Evaluation of the Lancashire Safer Together Transition Project

Barter, Christine Anne orcid iconORCID: 0000-0001-5682-5333, Bracewell, Kelly orcid iconORCID: 0000-0003-4635-7489, Robbins, Rachel orcid iconORCID: 0000-0002-6207-7703 and Cankardas, Sinem (2019) Evaluation of the Lancashire Safer Together Transition Project. Project Report. UNSPECIFIED. (Unpublished)

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The transition project sought to support survivors of domestic violence and abuse (DVA) and their children in the transfer from one service provider to another in Lancashire.
The Safer Together consortium was set up in 2014 consisting of 11 local DVA specialist organisations that had previously operated independently. These providers were encouraged by the local authority to form a consortium following a move to commissioned services leading to the formation of Safer Together1. Following the first 2014 tender process, Lancashire County Council awarded a three-year contract to two main providers: Let Go in North Lancashire and Safer Together in East and Central Lancashire. The outcome was not without controversy2.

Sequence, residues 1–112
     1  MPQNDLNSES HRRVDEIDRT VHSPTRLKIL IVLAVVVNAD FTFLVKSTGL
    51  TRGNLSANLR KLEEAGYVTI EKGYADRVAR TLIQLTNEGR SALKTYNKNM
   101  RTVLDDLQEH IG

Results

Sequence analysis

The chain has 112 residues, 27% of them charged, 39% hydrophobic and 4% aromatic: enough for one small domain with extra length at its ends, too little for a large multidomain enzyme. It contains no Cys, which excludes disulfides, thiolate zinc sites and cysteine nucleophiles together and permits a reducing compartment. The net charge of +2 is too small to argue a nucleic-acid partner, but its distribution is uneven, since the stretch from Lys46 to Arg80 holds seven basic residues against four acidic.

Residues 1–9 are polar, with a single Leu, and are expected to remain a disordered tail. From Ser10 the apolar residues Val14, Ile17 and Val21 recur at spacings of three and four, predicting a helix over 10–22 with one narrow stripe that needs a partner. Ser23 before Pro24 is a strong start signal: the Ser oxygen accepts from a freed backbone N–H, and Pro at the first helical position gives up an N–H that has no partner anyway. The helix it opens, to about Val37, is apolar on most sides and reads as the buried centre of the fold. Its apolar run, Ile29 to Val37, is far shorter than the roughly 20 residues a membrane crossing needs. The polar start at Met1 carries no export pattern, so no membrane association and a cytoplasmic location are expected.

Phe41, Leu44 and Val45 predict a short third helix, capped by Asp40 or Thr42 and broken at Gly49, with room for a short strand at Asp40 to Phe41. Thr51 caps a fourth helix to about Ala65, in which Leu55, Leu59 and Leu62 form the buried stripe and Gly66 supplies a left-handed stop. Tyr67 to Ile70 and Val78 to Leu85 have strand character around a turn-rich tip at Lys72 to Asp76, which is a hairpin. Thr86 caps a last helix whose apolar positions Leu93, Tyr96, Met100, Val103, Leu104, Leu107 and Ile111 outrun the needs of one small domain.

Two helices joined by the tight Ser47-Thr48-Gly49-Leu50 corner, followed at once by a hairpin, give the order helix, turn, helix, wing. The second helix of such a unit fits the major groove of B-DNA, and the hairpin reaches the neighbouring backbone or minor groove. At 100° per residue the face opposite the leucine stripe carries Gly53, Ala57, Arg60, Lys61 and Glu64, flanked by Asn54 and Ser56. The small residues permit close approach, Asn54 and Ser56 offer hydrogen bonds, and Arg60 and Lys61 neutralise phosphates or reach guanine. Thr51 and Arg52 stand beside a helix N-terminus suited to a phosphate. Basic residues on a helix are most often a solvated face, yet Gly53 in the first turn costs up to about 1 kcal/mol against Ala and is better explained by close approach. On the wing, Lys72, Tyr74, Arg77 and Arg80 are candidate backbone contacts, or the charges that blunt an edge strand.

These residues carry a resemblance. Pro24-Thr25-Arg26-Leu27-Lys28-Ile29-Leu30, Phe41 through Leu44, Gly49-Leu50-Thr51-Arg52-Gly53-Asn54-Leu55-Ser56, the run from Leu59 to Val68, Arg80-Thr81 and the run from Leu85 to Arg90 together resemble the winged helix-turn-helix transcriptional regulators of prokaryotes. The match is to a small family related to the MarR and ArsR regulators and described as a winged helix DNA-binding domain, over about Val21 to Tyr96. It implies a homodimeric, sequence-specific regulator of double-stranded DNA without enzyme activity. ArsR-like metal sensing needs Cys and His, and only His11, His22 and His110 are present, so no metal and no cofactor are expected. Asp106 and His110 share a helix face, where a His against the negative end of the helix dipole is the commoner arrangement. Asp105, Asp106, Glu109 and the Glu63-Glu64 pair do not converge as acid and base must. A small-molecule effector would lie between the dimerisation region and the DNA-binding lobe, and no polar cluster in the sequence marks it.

Services were then put out to tender again in 2016. Safer Together provided DVA services for adult victims and an early support service for children and young people3 until 2017 when the new tender was awarded elsewhere (see appendix 1). Subsequently, at least three domestic DVA charities have closed, including one that had delivered services for almost 20 years (Cooney, 2017)4. Consequently, there is generally an absence of funding and capacity to support service users to transition from one provider to another.
The Safer Together consortium was understandably disappointed at this outcome – many partners in the consortium had a long history of providing DVA services in Lancashire and not all of their staff were able to benefit from Transfer of Understanding (TUPE) opportunities. However, led by HARV5, members of the Safer Together consortium were pleased to be granted funding by Comic Relief in 2017 for six months to support and assist adult survivors and their children in the transition to the newly commissioned Service. Researchers from the Connect Centre based at the University of Central Lancashire (UCLan) were commissioned to undertake the evaluation of this transition.

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